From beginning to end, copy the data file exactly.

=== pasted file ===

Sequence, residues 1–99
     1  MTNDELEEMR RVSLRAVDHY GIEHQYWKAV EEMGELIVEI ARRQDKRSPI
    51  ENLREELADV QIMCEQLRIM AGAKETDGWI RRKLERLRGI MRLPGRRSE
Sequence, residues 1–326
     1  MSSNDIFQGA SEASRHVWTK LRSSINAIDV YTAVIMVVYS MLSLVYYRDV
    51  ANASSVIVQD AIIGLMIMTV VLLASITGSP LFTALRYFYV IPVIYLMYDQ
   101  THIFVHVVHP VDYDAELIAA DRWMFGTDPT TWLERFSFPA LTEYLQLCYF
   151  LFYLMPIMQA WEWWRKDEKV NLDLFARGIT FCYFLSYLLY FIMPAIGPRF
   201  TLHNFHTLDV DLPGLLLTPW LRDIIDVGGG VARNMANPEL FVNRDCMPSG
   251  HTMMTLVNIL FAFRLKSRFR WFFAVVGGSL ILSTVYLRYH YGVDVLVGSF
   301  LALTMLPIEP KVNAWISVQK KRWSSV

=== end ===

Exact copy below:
Sequence, residues 1–99
     1  MTNDELEEMR RVSLRAVDHY GIEHQYWKAV EEMGELIVEI ARRQDKRSPI
    51  ENLREELADV QIMCEQLRIM AGAKETDGWI RRKLERLRGI MRLPGRRSE
Sequence, residues 1–326
     1  MSSNDIFQGA SEASRHVWTK LRSSINAIDV YTAVIMVVYS MLSLVYYRDV
    51  ANASSVIVQD AIIGLMIMTV VLLASITGSP LFTALRYFYV IPVIYLMYDQ
   101  THIFVHVVHP VDYDAELIAA DRWMFGTDPT TWLERFSFPA LTEYLQLCYF
   151  LFYLMPIMQA WEWWRKDEKV NLDLFARGIT FCYFLSYLLY FIMPAIGPRF
   201  TLHNFHTLDV DLPGLLLTPW LRDIIDVGGG VARNMANPEL FVNRDCMPSG
   251  HTMMTLVNIL FAFRLKSRFR WFFAVVGGSL ILSTVYLRYH YGVDVLVGSF
   301  LALTMLPIEP KVNAWISVQK KRWSSV